As you can see, HOSP will nest in very close proximity to each other. Notice the tunnel shaped entrance on the nest in the bottom of the "C".
Plexiglas over the holes might prevent this, but it would be difficult to "invisibly" exclude them on the open ended letters. Stringing wires over the openings (spaced 1" apart?) might help. Otherwise regular removal of nests is needed (e.g. using a scissor-lift or hose). Signs that are flat against buildings would also work.
Six pairs of HOSP were nesting in this sign on the front of this building.
When there is plenty of food and nesting and roosting locations, densities can reach 3,108 to 3,367 HOSP per square mile.
The problem with businesses "learning" to remove HOSP nests is that some then think it's okay to remove nests of native birds like cliff swallows. Disturbing the nest of a native bird without a permit is against the law.
07/09 photo in Austin, TX, with HOSP nesting in the letters d, P, R and E and using other letters as perches.
04/23/06 photo in San Antonio, TX of a car rental facility. Two nests were within 8 feet of each other. HOSP were defecating on cars below. Bird feces are acidic.
Plastic bird netting might not be terribly attractive, but it would prevent this. So would a different design without ledges.
This HOSP nest (female on left) is jammed in a small space between a sign and the roof of a strip mall overhang in Vernon, CT. Extending to sign to the ceiling would eliminate nesting opportunities.
In the same strip mall in Vernon, CT a HOSP nests above a different sign.
At this warehouse, they feed broken bags of chips to the birds. This experimental double nestbox has HOSP nesting in both ends. Photo by Keith Kridler.
House Sparrows nesting in a broken light fixture. Photo by Keith Kridler. Right beside this light, a nest is being built on top of the switching levers for the power cut off for a strip mall, right out in the open on top of a large transformer.
HOSP are nesting in the rafters of this brand new corrugated metal building, and defacing the building and brickwork with unsanitary droppings. The owner filled the spaces they are using with "Great Stuff" expanding foam.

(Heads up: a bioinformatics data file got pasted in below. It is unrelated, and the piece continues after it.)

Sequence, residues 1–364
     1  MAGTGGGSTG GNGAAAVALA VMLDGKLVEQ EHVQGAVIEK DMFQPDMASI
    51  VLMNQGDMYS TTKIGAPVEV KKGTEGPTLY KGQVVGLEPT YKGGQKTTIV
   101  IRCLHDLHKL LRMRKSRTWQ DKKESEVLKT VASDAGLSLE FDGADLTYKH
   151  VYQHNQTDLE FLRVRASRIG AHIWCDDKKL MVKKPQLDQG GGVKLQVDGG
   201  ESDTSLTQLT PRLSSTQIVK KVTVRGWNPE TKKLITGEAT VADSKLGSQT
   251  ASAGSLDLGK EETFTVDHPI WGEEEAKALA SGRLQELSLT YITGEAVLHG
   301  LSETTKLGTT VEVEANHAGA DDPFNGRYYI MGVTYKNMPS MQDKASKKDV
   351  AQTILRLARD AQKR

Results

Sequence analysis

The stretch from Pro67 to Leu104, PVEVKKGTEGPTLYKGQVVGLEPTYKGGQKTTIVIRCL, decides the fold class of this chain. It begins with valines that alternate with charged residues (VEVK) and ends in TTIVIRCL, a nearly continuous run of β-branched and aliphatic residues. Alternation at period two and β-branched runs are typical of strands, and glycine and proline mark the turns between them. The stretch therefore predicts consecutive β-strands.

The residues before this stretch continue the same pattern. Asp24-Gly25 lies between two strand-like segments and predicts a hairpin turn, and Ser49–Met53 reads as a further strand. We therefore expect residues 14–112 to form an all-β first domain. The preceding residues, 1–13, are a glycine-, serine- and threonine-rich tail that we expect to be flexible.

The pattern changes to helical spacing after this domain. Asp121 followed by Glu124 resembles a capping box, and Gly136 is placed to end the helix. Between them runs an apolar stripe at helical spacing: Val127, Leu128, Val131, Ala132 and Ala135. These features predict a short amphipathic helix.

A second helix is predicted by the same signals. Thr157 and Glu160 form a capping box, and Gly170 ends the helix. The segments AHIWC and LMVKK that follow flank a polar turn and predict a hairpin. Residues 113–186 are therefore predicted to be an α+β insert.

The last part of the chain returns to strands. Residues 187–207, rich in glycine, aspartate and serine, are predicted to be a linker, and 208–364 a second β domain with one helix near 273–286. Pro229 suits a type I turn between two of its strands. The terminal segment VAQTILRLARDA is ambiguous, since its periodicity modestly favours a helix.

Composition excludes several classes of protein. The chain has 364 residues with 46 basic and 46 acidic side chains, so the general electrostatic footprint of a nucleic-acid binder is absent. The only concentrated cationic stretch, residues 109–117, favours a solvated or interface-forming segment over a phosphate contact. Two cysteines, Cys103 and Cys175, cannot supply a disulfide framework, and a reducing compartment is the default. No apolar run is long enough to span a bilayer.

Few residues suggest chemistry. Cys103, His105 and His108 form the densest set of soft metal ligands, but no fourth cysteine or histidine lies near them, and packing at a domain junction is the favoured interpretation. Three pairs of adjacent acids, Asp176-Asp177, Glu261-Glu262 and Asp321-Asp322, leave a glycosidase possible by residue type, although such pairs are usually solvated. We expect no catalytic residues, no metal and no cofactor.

Persistent house sparrows will peck through the hardened foam, but it will deter them for a while. Hardware cloth (flexible mesh that you can buy at a hardware store) will keep them out, and some areas can be stuffed wtih crumped up screening material or steel wool.
Rafters provide good nesting and perching spots for HOSP. This one happens to be in an open area, allowing easy access. The crevice should be filled with "Great Stuff" expanding foam to eliminate the nesting option.
04/27/06 photo in San Antonio, TX at a large hotel. Notice the tail of a female HOSP as she flew into the crevice to feed young.
Wire mesh, or filling this crack with "Great Stuff" expanding foam (sprayed on wadded chicken wire placed in the hole) would prevent nesting in this instance. The foam can be trimmed and painted after it hardens.
The English Sparrow, with its grown and growing progeny, is a conspicuous nuisance. Can there be no way devised to abate him, if not totally, at least partially?
- Cartersville Courant-American, September 6, 1888, Cartersville, GA
If you experience problems with the website/find
broken links/have suggestions/corrections, please contact me!
The purpose of this site is to share information with anyone interested
in bluebird conservation.
Feel free to link to it (preferred as I update content regularly), or use text from it for personal or educational
purposes, with a link back to http://www.sialis.org or
a citation for the author. No permission is granted for commercial use. Appearance of automatically generated Google or other ads on this site does not constitute endorsement of any of those services or products!